One person can make a difference and this series profiles a leader, advocate, or resident who is dedicated to improving energy efficiency and helping the county realize its goal to reduce greenhouse gas emissions 80% by 2027 and 100% by 2035. Find out more about them in their own words.
This installment highlights James Wang, Takoma Park and a member of the Climate, Energy, and Air Quality Advisory Committee (CEAQAC)
James Wang: I’ve had a strong appreciation for nature since I was a child, thanks in good part to my parents, who often took us kids out for hikes in the woods and other natural areas. I think the teaching of energy issues in elementary school during the Carter administration also made a lasting impression on me. I first got involved in environmental activism towards the end of high school in the early 1990s, when I was especially concerned about the rapid destruction of unique and endangered natural habitats caused by suburban development in the Los Angeles area. That led to my majoring in ecology in college, and eventually atmospheric science in grad school. My grad school advisor was especially influential in my growing interest in the science and policy of energy and climate change. Since then, I have worked for years in climate science research and in environmental communication and advocacy. My background and experience has naturally led me to volunteer to serve on the Climate, Energy, and Air Quality Advisory Committee.
JW: I’m inspired by the progressive political views of many of the county’s residents, especially in my current city of Takoma Park. It’s great that there is already a lot of environmental awareness and sustainable practices, and our city and county are at the forefront of the national and global fight against climate change and other crises. The ethnic diversity of the county is wonderful too.
JW:Maybe the wind, since I’ve always been a weather geek and fascinated by storms. Although wind can certainly be destructive, it can also be harnessed to do good.
JW: I was a co-captain of a team in the yearlong Takoma Park Neighborhood Energy Challenge several years ago. As part of that competition, I canvassed over 50 homes to encourage participation. I also got my own home green certified through an energy audit and then work to add insulation and seal up the building envelope to minimize air leakage. Shortly before the competition, we had already added nice, energy-efficient storm windows to our house to reduce draftiness (and noise from outside) without getting rid of our vintage windows. Our team finished as a runner-up in the competition, which gave us a $500 award for use in a neighborhood project! (And the County has a $250 Property Tax Credit available)
JW: We’re working on replacing our natural gas-fired water heater, which is already past its recommended lifetime, with probably a solar thermal hot water system. Solar hot water installers are somewhat hard to find in our region these days, but I like the solution because it can supply much of our hot water needs using free energy and equipment that isn’t overly complicated. Even though we might be moving in the near future and thus unable to enjoy a full payback of our investment, I think it’s still worthwhile because we’d be leaving the house in a more climate-friendly condition for the future homeowners.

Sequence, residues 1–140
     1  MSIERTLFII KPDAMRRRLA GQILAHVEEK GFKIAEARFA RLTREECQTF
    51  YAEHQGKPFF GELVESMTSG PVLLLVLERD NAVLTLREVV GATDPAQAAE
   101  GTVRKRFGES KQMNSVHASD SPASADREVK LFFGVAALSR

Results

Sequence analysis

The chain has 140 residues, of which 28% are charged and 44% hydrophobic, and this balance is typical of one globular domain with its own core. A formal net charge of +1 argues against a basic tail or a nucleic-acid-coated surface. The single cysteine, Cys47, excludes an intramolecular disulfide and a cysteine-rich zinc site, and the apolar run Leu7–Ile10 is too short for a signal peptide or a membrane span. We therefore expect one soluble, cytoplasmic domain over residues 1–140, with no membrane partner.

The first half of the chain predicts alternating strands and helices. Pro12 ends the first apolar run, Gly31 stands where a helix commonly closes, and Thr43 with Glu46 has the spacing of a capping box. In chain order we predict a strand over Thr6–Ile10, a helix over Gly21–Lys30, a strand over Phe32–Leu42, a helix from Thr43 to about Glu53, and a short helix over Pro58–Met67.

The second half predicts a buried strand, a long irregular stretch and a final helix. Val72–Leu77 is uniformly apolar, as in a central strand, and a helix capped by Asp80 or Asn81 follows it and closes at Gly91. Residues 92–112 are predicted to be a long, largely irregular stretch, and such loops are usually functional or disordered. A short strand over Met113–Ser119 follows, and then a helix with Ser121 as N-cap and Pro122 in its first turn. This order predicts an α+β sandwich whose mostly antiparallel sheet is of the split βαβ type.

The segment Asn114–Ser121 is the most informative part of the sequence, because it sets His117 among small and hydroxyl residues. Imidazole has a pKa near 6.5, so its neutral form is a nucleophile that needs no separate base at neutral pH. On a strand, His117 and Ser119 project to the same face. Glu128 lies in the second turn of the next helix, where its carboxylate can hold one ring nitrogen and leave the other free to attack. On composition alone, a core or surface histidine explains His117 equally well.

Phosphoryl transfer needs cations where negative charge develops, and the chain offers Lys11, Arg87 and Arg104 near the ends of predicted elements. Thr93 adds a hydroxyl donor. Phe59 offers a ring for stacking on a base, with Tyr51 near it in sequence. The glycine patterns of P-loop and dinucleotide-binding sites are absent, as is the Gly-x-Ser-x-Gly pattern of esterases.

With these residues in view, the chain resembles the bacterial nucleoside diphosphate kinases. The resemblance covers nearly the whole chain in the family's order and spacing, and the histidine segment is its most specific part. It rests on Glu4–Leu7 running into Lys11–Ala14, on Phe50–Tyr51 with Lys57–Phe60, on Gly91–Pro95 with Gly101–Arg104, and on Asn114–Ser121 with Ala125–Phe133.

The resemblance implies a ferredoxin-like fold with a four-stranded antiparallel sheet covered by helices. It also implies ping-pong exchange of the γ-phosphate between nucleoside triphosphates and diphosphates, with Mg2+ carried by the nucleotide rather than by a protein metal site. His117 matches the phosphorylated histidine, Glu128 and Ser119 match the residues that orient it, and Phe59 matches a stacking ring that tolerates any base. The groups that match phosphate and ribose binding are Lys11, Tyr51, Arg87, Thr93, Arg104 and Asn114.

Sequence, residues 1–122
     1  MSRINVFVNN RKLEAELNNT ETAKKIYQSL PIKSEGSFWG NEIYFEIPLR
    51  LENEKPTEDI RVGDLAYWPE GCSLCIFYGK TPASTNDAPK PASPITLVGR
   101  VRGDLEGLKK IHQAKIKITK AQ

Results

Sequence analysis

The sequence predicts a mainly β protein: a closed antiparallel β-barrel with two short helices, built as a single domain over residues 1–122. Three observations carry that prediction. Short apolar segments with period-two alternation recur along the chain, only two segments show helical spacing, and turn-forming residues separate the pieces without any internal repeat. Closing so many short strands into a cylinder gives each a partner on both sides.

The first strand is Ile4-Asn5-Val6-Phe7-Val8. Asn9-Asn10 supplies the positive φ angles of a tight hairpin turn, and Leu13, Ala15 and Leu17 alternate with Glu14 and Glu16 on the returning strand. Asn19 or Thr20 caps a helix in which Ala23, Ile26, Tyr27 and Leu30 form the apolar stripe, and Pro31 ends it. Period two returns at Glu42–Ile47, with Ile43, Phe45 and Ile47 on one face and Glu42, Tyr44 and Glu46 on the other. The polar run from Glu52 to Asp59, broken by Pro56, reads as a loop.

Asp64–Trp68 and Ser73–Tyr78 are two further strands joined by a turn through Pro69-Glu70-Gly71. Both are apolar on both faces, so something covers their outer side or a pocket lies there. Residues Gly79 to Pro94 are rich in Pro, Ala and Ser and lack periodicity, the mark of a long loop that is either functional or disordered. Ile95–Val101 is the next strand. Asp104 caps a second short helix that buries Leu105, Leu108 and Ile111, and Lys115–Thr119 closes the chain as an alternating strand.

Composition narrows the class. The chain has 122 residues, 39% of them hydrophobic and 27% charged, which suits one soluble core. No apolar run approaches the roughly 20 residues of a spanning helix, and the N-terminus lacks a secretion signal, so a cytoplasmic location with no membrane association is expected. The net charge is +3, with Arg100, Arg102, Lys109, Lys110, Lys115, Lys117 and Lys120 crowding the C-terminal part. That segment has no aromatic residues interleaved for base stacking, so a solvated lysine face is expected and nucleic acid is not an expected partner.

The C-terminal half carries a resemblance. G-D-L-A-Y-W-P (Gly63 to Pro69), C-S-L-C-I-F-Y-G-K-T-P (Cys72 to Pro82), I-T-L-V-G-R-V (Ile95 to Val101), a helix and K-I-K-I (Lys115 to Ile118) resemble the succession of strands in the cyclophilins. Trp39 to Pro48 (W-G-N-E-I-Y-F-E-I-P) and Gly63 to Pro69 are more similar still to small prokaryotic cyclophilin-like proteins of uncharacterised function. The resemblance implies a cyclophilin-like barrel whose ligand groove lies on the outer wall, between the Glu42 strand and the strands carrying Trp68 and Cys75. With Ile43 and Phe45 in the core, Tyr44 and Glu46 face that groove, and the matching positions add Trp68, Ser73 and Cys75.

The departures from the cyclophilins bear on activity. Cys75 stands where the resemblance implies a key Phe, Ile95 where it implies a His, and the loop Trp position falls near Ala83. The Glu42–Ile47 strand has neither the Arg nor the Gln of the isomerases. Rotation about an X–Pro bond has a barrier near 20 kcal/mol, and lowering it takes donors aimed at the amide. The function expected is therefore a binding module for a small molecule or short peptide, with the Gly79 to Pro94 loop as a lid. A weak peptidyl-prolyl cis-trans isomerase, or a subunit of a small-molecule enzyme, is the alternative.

One longer-term project I’m daydreaming about is creating eco-housing geared towards low-income residents (and in which my partner and I would be residents as well). Though I don’t have any relevant prior experience other than fixing up my own home, I think it could be a feasible job for me to turn an aging, inefficient multi-family building and property into something very green, healthful, and inspiring for people who don’t usually have access to such living situations and the sustainability education that can come from being part of an eco-focused community.
JW: We set our thermostat at levels that are closer to the outside temperature than many other people choose. I think it’s somewhat absurd that in many of my workplaces, I’ve had to put on MORE clothing indoors in the summertime than in the winter. I think sweaters ought to be put to use in the winter, and inspired by my recent year abroad in Germany, I’m thinking of going around au naturel in my home once we get hot weather again. I know that’s not for everyone though!
JW: I think the importance of energy and resource conservation, in addition to energy efficiency, for a sustainable world cannot be overemphasized. Not only does conservation save energy and money, but it can also save water, metals, rare earth minerals, wood, and other natural resources, and reduce waste that goes to landfills or pollutes our air, land, and waters. For example, before buying a new car, even an electric vehicle, you could consider whether or not you truly need another car. The manufacturing of cars uses up a lot of energy, rare minerals like lithium and cobalt, and other raw materials and eventually creates junkyard waste. Could you instead rely on public transit, biking, walking, ride sharing, or car sharing?
There are an ever-increasing number of resources available for reducing our consumption of goods, through sharing, renting, buying second-hand, and giving and receiving for free (such as in a local Buy Nothing Project group).